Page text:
65 Euro / night, for 14.49m boat, end September.
We called the marina about 10min before we arrived and asked if they had a berth for the night. No problem at all, and a dinghy came out and greeted us when we got to the entrance, checked out our size and guided us to our berth for the night, where he jumped out of his boat and helped us with the lines.
Again, wind was not quite in our favour, but with the second attempt we were safely in our berth and with the mooring assistance quickly secured. Top marks.
It feels smaller, or more personal, due to the layout of the marina/pontoons than Punta Ala.
The office is right at the transient berths pontoon, so we didn’t have to walk far and the office staff spoke a little English (it’s always a blessing if they speak a little English because our Italian is even less than a little – random words, yes, whole sentences, no)
After checking in we went for a walk and found plenty of restaurants, bars and boat related stores (chandler, canvass/sail repair, engine service, ropes, home store (for live aboards).
Although, there are many dogs around, I thought the marina was not very dog friendly as all grass and flower beds are fenced off. Luckily, at the entrance there is a bit of lawn that Tiny gladly used.
The chandler has a great selection of useful items. The first two things we needed were adaptors for the power and the water…. Still can’t get my head around it why there is not one standard connection for these things?!
Next time we passed the chandler, we got 50m of anchor chain, which we then had to cart to our yacht and then somehow get onto her too – that was the afternoon gone.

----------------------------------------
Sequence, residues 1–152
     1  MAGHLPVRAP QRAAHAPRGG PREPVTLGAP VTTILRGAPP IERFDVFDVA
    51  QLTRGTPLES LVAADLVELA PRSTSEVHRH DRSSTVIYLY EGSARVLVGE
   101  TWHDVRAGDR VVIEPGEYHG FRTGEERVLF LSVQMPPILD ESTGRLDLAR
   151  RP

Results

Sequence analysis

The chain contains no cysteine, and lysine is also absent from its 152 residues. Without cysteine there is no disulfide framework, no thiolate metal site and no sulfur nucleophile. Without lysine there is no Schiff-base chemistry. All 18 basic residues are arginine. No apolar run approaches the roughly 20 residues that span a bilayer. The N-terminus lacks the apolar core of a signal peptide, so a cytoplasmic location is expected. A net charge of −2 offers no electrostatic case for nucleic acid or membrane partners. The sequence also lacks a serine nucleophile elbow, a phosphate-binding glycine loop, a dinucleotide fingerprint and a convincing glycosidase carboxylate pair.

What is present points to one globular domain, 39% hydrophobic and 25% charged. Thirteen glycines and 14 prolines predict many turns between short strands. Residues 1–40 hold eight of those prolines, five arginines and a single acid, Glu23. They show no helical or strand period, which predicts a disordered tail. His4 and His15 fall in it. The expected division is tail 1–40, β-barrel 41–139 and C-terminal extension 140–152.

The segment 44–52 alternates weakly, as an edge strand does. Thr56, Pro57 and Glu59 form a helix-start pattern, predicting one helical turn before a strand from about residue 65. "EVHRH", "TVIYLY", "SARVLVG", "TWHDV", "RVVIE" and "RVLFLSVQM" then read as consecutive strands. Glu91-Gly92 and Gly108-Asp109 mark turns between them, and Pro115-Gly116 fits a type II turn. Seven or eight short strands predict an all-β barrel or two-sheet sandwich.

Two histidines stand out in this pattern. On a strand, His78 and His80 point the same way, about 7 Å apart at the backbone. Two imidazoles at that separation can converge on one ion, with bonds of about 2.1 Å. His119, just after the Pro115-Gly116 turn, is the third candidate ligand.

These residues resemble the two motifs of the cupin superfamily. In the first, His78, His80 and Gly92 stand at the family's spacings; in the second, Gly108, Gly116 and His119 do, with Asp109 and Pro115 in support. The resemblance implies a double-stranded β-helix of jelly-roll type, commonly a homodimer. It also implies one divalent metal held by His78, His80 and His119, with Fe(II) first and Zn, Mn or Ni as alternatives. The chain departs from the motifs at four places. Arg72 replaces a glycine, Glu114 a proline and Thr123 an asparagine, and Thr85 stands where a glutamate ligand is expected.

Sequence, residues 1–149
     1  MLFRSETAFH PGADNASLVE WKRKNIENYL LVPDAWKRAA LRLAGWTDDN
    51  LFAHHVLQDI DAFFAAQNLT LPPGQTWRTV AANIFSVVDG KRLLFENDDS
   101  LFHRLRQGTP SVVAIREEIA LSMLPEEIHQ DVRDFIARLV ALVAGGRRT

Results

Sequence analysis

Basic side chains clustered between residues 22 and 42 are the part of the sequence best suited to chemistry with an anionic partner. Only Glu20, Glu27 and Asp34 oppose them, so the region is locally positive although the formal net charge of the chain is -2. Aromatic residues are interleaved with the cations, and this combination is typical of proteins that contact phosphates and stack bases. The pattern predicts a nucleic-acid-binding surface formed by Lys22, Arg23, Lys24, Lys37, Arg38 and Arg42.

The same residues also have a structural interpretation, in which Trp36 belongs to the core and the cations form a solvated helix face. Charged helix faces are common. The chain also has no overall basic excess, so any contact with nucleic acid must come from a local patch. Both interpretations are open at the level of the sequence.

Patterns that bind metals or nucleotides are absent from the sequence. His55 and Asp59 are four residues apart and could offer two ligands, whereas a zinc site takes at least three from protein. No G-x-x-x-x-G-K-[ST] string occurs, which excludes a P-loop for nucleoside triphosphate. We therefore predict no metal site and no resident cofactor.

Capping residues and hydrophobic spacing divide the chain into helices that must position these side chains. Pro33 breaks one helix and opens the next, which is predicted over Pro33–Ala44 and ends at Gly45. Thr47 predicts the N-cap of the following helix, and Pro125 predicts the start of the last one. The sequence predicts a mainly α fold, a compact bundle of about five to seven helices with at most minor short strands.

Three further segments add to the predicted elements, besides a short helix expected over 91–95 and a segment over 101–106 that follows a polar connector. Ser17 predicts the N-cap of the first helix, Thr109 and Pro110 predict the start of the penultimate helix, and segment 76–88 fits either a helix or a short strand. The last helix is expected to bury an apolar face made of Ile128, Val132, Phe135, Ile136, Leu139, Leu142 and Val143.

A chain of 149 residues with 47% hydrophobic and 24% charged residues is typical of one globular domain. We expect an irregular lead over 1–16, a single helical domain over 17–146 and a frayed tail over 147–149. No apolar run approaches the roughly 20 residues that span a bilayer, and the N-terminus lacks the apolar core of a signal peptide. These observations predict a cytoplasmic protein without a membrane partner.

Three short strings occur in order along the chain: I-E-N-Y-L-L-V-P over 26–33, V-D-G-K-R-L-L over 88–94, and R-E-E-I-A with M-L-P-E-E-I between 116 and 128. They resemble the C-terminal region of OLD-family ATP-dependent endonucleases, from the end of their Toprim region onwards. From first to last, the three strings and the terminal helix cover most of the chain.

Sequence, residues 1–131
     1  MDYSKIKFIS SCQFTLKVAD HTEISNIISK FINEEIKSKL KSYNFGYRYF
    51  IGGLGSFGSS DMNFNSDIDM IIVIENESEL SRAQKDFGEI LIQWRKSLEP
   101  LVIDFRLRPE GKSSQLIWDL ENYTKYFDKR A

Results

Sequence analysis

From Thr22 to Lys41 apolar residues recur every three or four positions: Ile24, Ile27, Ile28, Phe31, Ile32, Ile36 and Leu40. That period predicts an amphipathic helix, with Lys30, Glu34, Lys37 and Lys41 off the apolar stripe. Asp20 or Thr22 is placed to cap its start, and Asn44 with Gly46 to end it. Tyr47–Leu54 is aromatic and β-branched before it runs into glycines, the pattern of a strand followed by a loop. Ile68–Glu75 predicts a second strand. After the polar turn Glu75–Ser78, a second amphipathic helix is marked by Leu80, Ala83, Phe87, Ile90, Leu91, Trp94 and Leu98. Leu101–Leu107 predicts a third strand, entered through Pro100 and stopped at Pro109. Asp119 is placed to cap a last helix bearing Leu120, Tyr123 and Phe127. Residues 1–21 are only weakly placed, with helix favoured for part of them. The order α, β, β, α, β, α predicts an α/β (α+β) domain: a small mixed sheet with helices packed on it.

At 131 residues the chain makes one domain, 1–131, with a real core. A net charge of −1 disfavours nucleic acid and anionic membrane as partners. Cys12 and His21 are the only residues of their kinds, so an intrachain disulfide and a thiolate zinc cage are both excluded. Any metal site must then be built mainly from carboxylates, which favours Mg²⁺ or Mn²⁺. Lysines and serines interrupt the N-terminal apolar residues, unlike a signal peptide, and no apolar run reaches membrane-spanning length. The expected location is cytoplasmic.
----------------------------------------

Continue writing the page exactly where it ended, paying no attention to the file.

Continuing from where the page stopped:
We didn’t feel like cooking after fighting with the chain for hours in about 30 degrees, so we went to a little take away pizza place. It didn’t look like much and all he had to offer was Pizza Margherita and focaccia. We got both, of course!
If you ever do come to Riva di Traiano, make sure to get some of the porchetta filled focaccia! It was amazing and it even had crackling! It was the best thing we had to eat for a very long time (or so it felt at least). Still dreaming about it sometimes. One thing we weren’t aware of when we ordered that the advertised price was per kg – that meant we had dinner for two days.
The marina has a wee grocery store but we didn’t bother to go there and headed straight to the Coop supermarket – about 25min away, there we stocked up with fresh fruit and veges and some meat for the freezer.
You will also find a self-service laundry (we didn’t use it), where you need to advise (and pay) the adjacent shop before using the machines.
Toilet / shower facilities are all along the marina – no matter where you are, you only have short distances. Some of the facilities were better kept than others.
Riva di Traiano was not only on our way as we headed south along the coast of Italy, but our electrician, Adriano, recommended the Raymarine service shop to check on our VHF and chartplotter. When we got to talk to the owner, Massimo, he said he had discussed the VHF issue with Adriano (Marina di Punta Ala) and he would be happy to have a look at it. We then mentioned the chartplotter as well and dropped both into his shop in the afternoon. No problem, he said, it should be ready in the morning. And sure as, when we came back in the morning, both VHF and chartplotter were ready and working! We were stoked. If you are in the area and need help with your Raymarine gadgets – we’ll gladly pass on his details!
I apologise that we didn't take more pictures of this marina - we have been too busy.
I will try to add a few more pictures from the videos later.
Marina di Punta Ala
100 Euro/night for a 14.49m boat, mid September
Since we couldn’t get an electrician on Elba, we decided to head back to the mainland and find a marina that could help us out and organise an electrician for our Raymarine chartplotter, VHF and autopilot.